» » Once

Once download ebook

by Morris Gleitzman

Once download ebook
Morris Gleitzman
Bolinda Audio; Unabridged edition (October 30, 2005)
1427 kb
1700 kb
Other formats:
lrf docx mbr doc
Literature & Fiction

Details (if other): Cancel. Thanks for telling us about the problem.

Once is a 2005 children's novel by Australian author Morris Gleitzman

Once is a 2005 children's novel by Australian author Morris Gleitzman. It is about a Jewish boy named Felix who lived in Poland and is on a quest to find his book-keeper parents after he sees Nazis burning the books from a Catholic orphanage in which had stayed at for 3 years and 8 months. He finds a girl, who is unconscious, called Zelda in a burning house with her dead parents-he takes her with him and protects her from confronting her parents' death by telling her stories.

We read books, we watch movies, but it is hard to grasp the same emotions I felt the moment I stepped foot into Dachau so many years ago. Therefore, as an educator, it becomes very hard to find quality books that will knock my students around emotionally the same way Night by Elie Wiesel did the first time I read it in high school. Once, by Morris Gleitzman knocked me around, and will certainly open the eyes of any jaded student.

A story of adventure, ball control and hope. Jamal and Bibi have a dream. Morris Gleitzman Now. Felix is a grandfather

A story of adventure, ball control and hope. To lead Australia to soccer glory in the next World Cup. But first they must face landmines, pirates, storms and assassins. Can Jamal and his family survive their incredible journey and get to Australia? Sometimes, to save the people you love, you have to go overboard. Felix is a grandfather. He has achieved much in his life and is widely admired.

Morris Gleitzman has been a frozen-chicken defroster, fashion-industry trainee, department-store Santa, sugar-mill employee, and screenwriter, among other things. Now he's one of Australia's best-loved children's book authors, with books published worldwide. Start reading Then (Once Series Book 2) on your Kindle in under a minute. Don't have a Kindle? Get your Kindle here, or download a FREE Kindle Reading App.

Morris Gleitzman - Once. I also met in my imagination a man called Barney

Morris Gleitzman - Once. Once I was living in an orphanage in the mountains and I shouldn’t have been and I almost caused a riot. It was because of the carrot. When I first started planning Once I had no idea that a 10 year old Polish Jewish boy would take me on the writing journey of my life. I just wanted to write a story about a friendship. I also met in my imagination a man called Barney. Years earlier I’d read a book about Janusz Korczak, a Polish Jewish doctor and children’s author who devoted his life to caring for young people. Over many years he helped run an orphanage for two hundred Jewish children.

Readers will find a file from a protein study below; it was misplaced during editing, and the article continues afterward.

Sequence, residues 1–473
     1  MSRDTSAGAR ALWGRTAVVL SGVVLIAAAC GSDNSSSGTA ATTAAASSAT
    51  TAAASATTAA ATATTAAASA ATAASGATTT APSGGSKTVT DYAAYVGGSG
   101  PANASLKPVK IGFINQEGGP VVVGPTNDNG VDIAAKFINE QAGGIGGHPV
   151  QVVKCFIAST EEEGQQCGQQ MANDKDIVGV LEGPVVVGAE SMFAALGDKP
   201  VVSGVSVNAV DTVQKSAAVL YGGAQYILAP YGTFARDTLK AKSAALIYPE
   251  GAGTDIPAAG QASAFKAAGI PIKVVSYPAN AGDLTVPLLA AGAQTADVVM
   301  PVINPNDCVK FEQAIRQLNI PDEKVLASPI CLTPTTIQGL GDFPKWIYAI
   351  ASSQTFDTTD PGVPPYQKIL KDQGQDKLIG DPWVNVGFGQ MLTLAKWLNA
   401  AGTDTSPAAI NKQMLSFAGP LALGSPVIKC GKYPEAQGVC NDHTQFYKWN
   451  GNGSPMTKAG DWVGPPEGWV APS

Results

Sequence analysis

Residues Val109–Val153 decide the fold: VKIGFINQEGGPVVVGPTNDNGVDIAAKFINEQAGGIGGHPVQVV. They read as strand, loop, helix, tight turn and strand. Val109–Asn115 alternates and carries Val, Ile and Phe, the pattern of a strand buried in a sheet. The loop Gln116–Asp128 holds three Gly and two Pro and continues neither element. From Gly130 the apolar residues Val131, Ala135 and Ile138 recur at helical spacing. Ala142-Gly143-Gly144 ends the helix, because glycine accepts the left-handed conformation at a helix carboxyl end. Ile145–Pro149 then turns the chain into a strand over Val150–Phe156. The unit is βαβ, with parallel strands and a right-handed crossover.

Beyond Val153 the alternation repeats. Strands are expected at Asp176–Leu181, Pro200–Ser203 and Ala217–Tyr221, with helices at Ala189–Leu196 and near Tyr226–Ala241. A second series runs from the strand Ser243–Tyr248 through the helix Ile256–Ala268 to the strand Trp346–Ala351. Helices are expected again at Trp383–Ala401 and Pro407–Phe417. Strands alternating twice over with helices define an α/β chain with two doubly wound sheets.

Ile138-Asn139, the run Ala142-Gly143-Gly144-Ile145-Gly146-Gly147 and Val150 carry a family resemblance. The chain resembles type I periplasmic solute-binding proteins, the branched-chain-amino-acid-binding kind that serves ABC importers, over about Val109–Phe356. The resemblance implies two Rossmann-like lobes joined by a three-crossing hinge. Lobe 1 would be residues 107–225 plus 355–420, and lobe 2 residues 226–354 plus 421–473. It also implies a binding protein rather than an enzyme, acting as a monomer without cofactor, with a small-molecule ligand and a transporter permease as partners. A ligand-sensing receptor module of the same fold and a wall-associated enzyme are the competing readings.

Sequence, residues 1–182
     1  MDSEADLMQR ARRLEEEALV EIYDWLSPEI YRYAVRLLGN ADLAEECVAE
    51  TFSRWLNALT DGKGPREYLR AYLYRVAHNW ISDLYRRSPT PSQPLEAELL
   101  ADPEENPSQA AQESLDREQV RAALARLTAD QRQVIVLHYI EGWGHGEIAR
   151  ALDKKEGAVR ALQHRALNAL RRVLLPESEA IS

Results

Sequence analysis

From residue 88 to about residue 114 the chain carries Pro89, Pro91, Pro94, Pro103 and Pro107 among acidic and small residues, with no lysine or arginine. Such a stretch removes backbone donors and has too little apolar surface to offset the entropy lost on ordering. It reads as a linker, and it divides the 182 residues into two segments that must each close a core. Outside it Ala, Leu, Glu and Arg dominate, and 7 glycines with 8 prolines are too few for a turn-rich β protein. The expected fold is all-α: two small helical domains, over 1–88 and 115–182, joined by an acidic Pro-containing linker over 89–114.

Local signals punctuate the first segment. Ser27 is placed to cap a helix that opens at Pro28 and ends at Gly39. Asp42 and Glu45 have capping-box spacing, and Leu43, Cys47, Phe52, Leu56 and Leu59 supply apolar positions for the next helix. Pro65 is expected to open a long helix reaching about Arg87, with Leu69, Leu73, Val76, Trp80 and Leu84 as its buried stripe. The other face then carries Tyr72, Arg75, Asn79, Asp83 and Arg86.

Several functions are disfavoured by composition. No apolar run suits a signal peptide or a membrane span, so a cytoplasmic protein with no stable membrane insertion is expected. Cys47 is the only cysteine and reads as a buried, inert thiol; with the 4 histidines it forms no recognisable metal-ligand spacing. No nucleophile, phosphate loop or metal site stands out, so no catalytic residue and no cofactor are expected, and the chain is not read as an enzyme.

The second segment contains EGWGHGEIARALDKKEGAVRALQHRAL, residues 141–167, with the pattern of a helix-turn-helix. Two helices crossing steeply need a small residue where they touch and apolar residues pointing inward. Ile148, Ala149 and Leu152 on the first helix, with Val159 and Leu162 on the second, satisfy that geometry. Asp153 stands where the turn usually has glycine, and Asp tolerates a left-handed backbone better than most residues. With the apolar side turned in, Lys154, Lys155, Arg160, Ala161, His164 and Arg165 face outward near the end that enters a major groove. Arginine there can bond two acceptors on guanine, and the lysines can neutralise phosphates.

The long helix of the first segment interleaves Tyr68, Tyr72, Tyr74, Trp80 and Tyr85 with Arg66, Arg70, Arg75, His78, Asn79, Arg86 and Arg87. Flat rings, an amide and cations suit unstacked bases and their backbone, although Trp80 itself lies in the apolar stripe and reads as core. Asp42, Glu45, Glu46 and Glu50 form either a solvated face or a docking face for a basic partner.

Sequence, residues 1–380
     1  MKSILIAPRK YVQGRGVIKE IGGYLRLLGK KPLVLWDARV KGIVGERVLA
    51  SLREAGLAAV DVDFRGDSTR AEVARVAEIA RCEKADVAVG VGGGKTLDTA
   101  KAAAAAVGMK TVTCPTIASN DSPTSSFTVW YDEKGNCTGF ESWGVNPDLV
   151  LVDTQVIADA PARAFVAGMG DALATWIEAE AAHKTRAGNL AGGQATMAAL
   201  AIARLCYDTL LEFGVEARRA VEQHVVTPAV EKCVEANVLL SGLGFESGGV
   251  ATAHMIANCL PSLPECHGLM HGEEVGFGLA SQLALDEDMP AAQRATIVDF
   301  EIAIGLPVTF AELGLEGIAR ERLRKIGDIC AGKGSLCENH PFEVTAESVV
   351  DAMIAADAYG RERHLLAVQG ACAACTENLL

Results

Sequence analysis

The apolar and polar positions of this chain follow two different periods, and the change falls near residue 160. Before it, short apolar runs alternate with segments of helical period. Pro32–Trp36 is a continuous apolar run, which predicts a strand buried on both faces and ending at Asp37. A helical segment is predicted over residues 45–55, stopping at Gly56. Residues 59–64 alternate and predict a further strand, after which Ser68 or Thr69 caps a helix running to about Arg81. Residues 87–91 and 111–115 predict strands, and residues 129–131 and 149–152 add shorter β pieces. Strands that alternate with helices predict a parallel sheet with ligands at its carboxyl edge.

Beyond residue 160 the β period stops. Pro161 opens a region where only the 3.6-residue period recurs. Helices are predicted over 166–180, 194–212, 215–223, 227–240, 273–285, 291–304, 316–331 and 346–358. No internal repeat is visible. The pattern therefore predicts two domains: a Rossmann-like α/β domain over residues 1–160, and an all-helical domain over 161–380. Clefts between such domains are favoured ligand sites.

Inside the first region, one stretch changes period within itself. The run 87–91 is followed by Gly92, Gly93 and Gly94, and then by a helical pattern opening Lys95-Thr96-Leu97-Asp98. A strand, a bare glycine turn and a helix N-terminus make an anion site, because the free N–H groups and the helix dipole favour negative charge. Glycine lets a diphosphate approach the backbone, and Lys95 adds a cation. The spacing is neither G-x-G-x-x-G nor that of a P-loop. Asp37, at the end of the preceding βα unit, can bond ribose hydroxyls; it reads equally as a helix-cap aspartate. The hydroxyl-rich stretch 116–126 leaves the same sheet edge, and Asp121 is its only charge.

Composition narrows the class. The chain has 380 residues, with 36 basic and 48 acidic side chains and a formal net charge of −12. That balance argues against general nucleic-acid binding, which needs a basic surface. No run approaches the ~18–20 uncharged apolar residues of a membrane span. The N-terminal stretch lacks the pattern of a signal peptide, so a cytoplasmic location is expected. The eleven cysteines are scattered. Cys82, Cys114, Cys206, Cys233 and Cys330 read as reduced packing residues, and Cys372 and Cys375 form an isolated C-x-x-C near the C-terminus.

Once by Morris Gleitzman is the story of a young Jewish boy who is determined to escape the orphanage he lives in to save his Jewish parents from the Nazis in the occupied Poland of the Second World War. Everybody deserves to have something good in their life. Once I escaped from an orphanage to find Mum and Dad. Once I saved a girl called Zelda from a burning house. Once I made a Nazi with a toothache laugh.

Morris Gleitzman Now.

From the muddy swamp that brought you Toad Rage, Toad Heaven and Toad Away comes Limpy, Charm and Goliath's fourth hilarious adventure. A dream where cane toads and humans live happily together.

For three years and eight months, Felix has lived in a convent orphanage high in the mountains in Poland. But Felix is different from the other orphans. He is convinced his parents are still alive and will come back to get him. When a group of Nazi soldiers come and burn the nuns' books, Felix is terrified that his Jewish, bookseller parents will also be in danger. After escaping from the orphanage, Felix embarks on a long and dangerous journey through Nazi occupied Poland, befriending a little orphan girl called Zelda and a kindly dentist, Barney, who hides and cares for Jewish children. But when the Nazis discover them, Barney makes the ultimate sacrifice for the children.
  • xander